Reading Experience: The Chameleon and How “First” Isn’t Always Best

Chameleon 01It’s very rare in the world of comic books for creators to land upon an appropriate arch-nemesis right out of the gate. It wasn’t until the fifth issue of Fantastic Four when the world was introduced to Doctor Doom. The Joker didn’t show up until Batman #1, which as you may note, was about a year after Batman’s first appearance in Detective Comics  #27. Depending on who gets the nod on any given day in Spider-Man, Doctor Octopus didn’t first appear until ASM #3 and it took a whole 13 issues before the Green Goblin made his debut in ASM #14. In other words, outside of maybe X-Men, were Magneto was introduced in its first issue, it’s historically taken comic book creative teams a couple of issues to land upon that perfect complimentary villain for a new superhero.

So with that as my set-up, I thought I’d take a short but closer look at Spider-Man’s “first” villain, the Chameleon – who’s first appearance is in ASM #1 but arguably doesn’t crack the list of Spidey’s “top villains” of all-time.

Of course a list like this is purely subjective, but you can tell pretty quickly that even Marvel didn’t think much of the Chameleon. While there is certainly some potential in a villainous spy who is a master of disguise – especially during the era when James Bond films were first pouring out of Hollywood – after making his debut in ASM’s first issue, Chameleon doesn’t make his second full appearance until years later in ASM #80. During the same time period, a number of villains, who are not only Spider-Man’s greatest, but are some of the most inventive and dastardly characters ever created by Marvel comics, made their appearances with nary a reference to the Chameleon. Despite a Cold War and a “Red Scare,” a spy character that could create real havoc for Spidey through subterfuge never came across as much of a threat with the ASM universe. Instead, Marvel focused on characters with crazy superpowers and technology. When Marvel decided to create a super-team of villains called the Sinister Six – which featured Spidey’s main rivals – the Chameleon doesn’t make the cut.

Chameleon 02Fast forward nearly 30 years later, when it looked like Marvel was finally ready to give Chameleon his showpiece storyline, creative eventually pulled a bait and switch and made a more familiar villain the ultimate antagonist. When Peter’s long-lost and thought-to-be-dead parents reappeared in the early 1990s, the reader is led to believe that it was the Chameleon who masterminded the whole plot to build android copies of the Parker’s in order to emotionally torture the Web Slinger. Instead, the last panel of ASM #389 is that of Harry Osborn in Green Goblin garb, a character with far more history torturing Spidey, getting the last laugh, admitting he was the one who put the Chameleon up to this plan.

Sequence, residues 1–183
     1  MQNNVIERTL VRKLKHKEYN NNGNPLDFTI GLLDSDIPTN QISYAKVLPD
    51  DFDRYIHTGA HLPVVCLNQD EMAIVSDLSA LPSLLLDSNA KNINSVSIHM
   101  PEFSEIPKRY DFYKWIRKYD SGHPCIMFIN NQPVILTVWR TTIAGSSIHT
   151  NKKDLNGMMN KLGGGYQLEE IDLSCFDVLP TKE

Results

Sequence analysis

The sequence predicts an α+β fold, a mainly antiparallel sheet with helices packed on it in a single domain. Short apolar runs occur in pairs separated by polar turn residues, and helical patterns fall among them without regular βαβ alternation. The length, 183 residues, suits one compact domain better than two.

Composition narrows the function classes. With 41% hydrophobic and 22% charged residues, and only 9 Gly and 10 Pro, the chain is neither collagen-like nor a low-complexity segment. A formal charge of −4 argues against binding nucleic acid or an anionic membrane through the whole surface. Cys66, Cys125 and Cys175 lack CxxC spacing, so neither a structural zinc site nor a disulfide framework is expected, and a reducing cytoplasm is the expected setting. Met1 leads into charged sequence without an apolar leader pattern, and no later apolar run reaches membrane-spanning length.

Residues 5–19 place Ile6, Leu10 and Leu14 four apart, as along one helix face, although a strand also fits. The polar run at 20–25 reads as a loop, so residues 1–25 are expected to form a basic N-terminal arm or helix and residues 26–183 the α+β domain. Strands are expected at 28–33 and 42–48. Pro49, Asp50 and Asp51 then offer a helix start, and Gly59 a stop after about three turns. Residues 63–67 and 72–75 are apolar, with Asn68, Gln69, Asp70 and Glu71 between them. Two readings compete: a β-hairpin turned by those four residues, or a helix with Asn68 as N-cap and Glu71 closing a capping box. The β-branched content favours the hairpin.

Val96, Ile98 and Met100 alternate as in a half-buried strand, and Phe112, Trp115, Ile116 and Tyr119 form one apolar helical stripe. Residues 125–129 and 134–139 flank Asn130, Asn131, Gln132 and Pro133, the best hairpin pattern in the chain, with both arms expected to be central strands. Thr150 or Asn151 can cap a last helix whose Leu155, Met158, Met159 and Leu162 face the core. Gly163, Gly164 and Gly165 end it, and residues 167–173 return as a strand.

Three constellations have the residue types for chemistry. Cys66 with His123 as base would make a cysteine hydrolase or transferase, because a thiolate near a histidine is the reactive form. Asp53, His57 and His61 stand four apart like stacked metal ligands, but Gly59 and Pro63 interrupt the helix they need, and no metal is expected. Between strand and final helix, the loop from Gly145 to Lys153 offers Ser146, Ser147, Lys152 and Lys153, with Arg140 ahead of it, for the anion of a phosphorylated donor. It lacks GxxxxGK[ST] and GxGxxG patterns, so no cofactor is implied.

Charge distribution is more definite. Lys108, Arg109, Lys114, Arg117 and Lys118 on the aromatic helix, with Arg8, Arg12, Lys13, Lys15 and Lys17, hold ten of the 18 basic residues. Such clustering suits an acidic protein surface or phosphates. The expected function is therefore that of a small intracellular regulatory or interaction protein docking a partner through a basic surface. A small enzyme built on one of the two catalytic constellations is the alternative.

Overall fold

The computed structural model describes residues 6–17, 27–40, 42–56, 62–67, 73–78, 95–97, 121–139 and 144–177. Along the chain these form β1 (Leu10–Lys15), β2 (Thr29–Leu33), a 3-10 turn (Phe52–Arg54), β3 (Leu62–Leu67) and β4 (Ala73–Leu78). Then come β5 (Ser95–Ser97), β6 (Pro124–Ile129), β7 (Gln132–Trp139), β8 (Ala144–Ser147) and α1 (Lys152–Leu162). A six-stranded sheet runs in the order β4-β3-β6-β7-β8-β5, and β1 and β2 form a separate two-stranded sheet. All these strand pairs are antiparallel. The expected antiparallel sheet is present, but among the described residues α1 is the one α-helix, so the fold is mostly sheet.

Chameleon 03Now, as Marvel is gearing up for its next significant ASM storyline, Ends of the Earth, the storyline stars the Sinister Six, which in this iteration includes the Chameleon. But has the Chameleon really done anything in his publication history to warrant inclusion in such a high profile storyline? Even when he’s at his worst, he always seems to be working under the thumb of a grander, more ballyhooed evil-doer. And now, he’s part of a super-team of what’s supposed to be Spidey’s great villains, as part of a plan that is being set-up to be Doc Ock’s one last “hurrah” while he’s still alive? Something doesn’t sit well here for me.

Granted, all it takes is one really well-crafted storyline to move a seemingly ordinary villain into the upper echelon, but I sometimes wonder if Marvel had a do-over, if they would have gone with somebody completely different in ASM #1, thereby eliminating the Chameleon completing from existence. It seems as if Marvel has never been truly comfortable shining the spotlight on him without some kind of qualifier, and his appearances over the past 10 or 20 years seem to be about justifying his existence rather than using a character that would create true dramatic tension with our hero. Unless Marvel hits upon that one big moment for the master of the disguise, he continues to be a “one of these things is not like the other, one of these things doesn’t belong” in the Spider-Man super-villain universe.

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